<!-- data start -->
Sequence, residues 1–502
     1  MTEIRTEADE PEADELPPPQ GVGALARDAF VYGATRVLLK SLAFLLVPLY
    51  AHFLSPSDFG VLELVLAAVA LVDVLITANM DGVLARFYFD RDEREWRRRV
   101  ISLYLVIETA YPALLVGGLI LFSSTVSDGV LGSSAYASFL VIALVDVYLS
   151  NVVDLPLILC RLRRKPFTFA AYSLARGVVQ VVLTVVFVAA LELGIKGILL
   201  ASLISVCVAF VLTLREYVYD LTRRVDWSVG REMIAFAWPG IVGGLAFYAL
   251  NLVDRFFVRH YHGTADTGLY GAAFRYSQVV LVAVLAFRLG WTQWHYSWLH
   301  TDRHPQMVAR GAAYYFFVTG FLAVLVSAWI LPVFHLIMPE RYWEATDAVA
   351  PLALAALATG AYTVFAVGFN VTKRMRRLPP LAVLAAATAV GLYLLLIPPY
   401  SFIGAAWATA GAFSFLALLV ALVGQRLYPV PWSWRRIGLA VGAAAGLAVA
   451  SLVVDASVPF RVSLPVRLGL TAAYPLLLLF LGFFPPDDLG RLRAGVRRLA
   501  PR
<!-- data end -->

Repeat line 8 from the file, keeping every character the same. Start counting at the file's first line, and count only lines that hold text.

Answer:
   301  TDRHPQMVAR GAAYYFFVTG FLAVLVSAWI LPVFHLIMPE RYWEATDAVA